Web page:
Mexico to Offer 3 Gas Blocks in July Bidding Round

Dow Jones Newswires

VERACRUZ, Mexico (Dow Jones Newswires), Jun. 12, 2009

State oil company Petroleos Mexicanos will offer three natural gas blocks in July in an effort to draw more international energy companies into Mexico, Pemex's exploration and production chief, Carlos Morales, said Friday.

The blocks will be offered under a so-called multiple-service-contract model in which interested companies have the chance to make money in Mexico but not own and sell the natural gas produced.

Pemex first rolled out natural gas service contracts in 2003 and 2004, attracting large and mid-size firms including Repsol YPF (REP); Brazil's Petroleo Brasileiro SA (PBR), or Petrobras; Japan's Teikoku; Texas-based Lewis Energy; and Argentina's Tecpetrol,

"The contracts will be the same ... Pemex will hire the companies," said Morales.

He said each block is expected to produce 50 million to 100 million cubic feet a day of natural gas.

The existing contracts have had mixed results. Repsol didn't find enough gas reserves to justify the completion of its drilling program, but the other companies are still operating the blocks they won.

Mexico is also working on new incentive-based oil services contracts to draw experienced international companies into areas where Pemex lacks experience, such as the deep waters of the Gulf of Mexico.

The multiple service contracts and the upcoming incentive-based contracts put international oil companies in the role of oil service companies when they're accustomed to risk-reward contracts under which they buy exploration tracts and pay taxes on the profits. Unlike oil companies, oil service firms provide technology and expertise but don't buy reserves or sell oil.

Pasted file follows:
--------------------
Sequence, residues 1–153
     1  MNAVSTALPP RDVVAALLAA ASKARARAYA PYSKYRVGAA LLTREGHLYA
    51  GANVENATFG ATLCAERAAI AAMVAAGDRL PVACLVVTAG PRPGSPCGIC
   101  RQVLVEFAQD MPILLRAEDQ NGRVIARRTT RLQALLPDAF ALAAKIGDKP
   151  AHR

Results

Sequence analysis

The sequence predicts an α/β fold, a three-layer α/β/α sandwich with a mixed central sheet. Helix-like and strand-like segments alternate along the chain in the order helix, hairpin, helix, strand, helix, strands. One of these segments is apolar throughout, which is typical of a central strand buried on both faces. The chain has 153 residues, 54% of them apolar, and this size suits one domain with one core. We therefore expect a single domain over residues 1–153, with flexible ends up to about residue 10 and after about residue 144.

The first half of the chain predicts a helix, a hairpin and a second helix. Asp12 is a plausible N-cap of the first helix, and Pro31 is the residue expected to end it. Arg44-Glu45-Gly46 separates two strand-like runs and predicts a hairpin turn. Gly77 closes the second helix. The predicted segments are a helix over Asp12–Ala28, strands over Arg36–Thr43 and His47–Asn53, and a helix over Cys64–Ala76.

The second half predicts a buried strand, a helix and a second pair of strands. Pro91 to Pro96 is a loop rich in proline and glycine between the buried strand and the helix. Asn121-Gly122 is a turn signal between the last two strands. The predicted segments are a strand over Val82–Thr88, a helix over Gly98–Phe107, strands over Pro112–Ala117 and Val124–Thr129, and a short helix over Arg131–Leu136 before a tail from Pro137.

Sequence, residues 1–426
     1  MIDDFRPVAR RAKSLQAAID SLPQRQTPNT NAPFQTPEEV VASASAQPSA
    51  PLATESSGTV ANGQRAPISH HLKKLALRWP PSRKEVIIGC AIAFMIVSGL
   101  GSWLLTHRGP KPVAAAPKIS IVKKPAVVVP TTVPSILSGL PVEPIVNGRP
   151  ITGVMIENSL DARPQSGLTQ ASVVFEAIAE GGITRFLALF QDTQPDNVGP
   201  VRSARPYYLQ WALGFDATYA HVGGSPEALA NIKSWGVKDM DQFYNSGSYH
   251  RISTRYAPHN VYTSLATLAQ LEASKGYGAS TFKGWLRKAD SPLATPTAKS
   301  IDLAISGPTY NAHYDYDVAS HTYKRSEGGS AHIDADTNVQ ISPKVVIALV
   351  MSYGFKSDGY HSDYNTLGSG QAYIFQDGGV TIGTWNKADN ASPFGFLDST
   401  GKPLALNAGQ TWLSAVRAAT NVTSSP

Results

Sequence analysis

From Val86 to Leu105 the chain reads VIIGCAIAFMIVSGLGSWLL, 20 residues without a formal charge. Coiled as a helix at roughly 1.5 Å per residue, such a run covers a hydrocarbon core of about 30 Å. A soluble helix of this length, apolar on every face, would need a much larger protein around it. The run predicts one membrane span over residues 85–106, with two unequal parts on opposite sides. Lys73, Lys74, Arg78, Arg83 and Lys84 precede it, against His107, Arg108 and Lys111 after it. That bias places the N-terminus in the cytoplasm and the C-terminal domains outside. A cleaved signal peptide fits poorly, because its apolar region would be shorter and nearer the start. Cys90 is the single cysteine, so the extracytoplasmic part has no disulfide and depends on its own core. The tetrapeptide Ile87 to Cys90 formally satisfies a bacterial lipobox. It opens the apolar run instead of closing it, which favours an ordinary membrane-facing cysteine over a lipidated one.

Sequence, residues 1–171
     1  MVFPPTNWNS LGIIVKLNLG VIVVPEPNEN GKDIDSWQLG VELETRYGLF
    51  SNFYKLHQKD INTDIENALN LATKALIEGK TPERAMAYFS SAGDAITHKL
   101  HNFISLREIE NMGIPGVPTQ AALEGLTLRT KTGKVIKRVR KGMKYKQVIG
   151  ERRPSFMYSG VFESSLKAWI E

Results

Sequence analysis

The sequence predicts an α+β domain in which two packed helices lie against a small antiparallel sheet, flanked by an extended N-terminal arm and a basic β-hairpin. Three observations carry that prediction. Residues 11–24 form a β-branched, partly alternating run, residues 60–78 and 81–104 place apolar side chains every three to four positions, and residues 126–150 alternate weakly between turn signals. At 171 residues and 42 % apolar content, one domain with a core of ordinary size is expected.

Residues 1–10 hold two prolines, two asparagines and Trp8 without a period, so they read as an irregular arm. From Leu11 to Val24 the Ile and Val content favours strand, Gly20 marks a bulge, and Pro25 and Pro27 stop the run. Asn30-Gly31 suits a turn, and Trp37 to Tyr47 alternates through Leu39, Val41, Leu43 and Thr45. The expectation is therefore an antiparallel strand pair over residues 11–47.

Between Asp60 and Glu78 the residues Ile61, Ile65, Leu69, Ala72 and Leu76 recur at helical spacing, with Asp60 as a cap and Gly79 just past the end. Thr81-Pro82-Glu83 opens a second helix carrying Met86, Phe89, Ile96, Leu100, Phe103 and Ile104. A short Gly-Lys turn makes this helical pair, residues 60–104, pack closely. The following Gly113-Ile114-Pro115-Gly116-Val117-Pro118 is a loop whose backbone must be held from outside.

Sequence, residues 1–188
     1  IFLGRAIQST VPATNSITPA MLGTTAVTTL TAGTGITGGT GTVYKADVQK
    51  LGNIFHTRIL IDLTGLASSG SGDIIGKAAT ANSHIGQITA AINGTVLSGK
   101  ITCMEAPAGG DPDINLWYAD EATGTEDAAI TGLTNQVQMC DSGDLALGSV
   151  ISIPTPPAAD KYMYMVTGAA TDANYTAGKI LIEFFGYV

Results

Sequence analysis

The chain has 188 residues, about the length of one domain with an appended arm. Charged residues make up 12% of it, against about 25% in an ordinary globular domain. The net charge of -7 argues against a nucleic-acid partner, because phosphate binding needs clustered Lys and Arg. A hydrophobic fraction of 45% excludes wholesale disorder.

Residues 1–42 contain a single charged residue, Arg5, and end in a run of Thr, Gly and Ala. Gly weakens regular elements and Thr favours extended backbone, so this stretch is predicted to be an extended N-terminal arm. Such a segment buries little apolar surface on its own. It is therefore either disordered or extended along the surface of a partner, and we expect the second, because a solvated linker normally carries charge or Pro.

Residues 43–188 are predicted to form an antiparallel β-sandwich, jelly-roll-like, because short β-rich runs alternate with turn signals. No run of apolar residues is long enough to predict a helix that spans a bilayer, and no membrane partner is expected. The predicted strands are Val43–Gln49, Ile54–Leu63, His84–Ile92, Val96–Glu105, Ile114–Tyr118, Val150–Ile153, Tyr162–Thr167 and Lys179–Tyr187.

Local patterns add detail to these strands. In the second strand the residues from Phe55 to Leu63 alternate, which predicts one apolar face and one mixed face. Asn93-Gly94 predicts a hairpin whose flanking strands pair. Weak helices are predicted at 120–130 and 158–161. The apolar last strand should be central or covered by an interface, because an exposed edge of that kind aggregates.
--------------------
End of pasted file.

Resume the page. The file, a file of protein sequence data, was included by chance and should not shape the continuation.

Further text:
Mexico has a long history of resource nationalism, and Pemex has a monopoly on owning and selling Mexican oil.

Morales said Pemex is making progress in drafting the incentive-based contracts, which are allowed under an energy reform approved in 2008. Pemex expects to hold bidding rounds for the incentive contracts before the end of the year, and Morales said the company has almost finished draft contracts.

Industry executives, however, say they are still in the dark on what the contracts will look like.

"We don't know what the contracts will contain, what the incentives will be," said a top executive at a large foreign oil company.

He said the his company will look at both the natural gas contracts and the incentive contracts to see if they offer attractive returns on investment.

"We have to compare them to other opportunities around the world," he said.  

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